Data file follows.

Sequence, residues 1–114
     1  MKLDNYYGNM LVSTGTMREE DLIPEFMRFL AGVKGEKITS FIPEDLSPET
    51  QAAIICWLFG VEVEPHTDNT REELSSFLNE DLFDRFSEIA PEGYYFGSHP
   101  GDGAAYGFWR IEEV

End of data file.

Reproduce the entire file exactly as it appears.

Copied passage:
Sequence, residues 1–114
     1  MKLDNYYGNM LVSTGTMREE DLIPEFMRFL AGVKGEKITS FIPEDLSPET
    51  QAAIICWLFG VEVEPHTDNT REELSSFLNE DLFDRFSEIA PEGYYFGSHP
   101  GDGAAYGFWR IEEV